What Is a Public School?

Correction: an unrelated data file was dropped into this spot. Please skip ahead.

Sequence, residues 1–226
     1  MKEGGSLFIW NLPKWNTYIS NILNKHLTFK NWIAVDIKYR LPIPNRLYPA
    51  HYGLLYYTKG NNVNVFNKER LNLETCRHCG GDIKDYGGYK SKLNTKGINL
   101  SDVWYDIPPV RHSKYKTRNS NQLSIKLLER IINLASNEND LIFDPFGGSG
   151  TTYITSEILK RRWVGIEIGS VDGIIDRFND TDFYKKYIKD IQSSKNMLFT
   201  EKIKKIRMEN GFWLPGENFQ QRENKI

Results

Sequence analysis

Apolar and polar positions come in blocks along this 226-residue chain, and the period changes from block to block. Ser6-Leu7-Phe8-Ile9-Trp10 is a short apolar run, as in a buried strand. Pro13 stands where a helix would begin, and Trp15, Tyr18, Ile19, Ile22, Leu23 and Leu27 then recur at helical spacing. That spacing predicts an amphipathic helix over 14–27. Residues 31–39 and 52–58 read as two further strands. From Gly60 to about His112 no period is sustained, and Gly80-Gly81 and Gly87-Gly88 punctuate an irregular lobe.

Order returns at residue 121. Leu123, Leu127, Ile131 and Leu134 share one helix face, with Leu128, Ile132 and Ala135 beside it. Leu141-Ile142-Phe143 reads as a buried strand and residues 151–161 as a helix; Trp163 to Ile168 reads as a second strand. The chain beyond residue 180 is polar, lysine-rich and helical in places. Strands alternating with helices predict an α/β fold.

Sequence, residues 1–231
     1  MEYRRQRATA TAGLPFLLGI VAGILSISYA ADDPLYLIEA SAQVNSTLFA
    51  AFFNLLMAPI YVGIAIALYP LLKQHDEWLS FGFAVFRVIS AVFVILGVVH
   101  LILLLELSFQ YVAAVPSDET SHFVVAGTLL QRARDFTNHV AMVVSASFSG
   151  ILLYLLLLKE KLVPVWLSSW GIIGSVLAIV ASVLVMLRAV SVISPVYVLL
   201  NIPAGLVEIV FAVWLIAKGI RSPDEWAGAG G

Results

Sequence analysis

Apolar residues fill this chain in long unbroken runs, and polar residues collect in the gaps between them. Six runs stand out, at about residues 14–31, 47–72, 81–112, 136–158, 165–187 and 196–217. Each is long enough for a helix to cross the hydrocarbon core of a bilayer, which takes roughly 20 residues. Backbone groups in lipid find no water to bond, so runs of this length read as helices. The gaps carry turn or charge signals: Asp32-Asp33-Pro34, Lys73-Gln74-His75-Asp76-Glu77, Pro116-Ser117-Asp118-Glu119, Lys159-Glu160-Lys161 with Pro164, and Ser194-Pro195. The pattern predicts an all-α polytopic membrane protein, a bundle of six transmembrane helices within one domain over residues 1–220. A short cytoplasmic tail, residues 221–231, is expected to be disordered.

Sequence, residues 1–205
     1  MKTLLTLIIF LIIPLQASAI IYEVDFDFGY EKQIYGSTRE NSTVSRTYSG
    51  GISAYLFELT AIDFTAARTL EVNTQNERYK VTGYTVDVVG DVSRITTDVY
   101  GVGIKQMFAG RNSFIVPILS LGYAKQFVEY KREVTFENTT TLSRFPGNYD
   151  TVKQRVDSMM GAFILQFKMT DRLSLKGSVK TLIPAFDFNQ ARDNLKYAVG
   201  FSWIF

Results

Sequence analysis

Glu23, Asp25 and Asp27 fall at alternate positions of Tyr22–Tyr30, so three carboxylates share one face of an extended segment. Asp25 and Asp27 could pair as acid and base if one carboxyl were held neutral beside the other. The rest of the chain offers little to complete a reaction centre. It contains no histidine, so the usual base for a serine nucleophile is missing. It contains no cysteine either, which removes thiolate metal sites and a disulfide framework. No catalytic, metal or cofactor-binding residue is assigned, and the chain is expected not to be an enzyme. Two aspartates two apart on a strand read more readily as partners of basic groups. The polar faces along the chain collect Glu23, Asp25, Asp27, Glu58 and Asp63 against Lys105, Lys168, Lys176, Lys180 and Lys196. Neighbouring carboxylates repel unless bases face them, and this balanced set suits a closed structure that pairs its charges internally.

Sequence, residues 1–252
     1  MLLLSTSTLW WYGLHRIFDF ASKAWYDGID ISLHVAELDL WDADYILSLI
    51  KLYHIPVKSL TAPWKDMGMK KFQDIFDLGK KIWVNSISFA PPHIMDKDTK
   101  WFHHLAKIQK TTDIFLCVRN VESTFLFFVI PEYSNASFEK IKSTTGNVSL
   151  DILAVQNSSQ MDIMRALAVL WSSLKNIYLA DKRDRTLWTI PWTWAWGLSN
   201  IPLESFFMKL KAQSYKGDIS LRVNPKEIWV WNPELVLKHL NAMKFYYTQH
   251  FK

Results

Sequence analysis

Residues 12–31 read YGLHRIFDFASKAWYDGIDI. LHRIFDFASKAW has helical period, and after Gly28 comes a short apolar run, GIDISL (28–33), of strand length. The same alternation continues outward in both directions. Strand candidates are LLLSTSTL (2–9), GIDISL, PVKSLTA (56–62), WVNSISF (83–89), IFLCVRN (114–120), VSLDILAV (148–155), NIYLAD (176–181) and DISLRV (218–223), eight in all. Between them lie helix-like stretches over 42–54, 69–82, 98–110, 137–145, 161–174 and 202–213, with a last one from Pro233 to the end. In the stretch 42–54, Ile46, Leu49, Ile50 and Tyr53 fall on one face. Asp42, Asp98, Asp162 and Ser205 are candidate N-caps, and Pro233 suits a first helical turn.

Public schools are universal: They are available to everyone. Public elementary schools, middle schoolsand high schools are funded and controlled by three levels of government: The United States Department of Education on the federal level, state-level departments of education and by the school district at the local level. As of the 2008-09 school year, there were about 13,800 public school districts across all 50 states. Each school district sets the curricula, funding and employment for schools within their boundaries, with direction from the state. Educational standards and standardized testing decisions are also made by the state. With over 97,000 public schools in the United States, almost 50 million students are enrolled in public primary (elementary) or secondary (high) schools. Teaching jobs are never scarce in the public school system; the need for talented, dedicated teachers is always there. Throughout the country, the need for teachers varies by region, grade level and subject, but no matter where you are looking, the jobs are there. In fact, according to the Occupational Outlook Handbook (OOH), 2010-2011, employment of teachers is expected to grow by 13 percent between 2008 and 2018. The National Center for Education Statistics projects that public schools will employ about 3.3 million teachers during Fall of 2011. Teaching in public schools also offers a measure of job security not necessarily found in other occupations. Many states have tenure laws that allow teachers who preform well to obtain tenure after a set amount of years worked. Tenure prevents public school teachers from being fired without just cause and due process, and while it does not guarantee a job, it does provide some job security.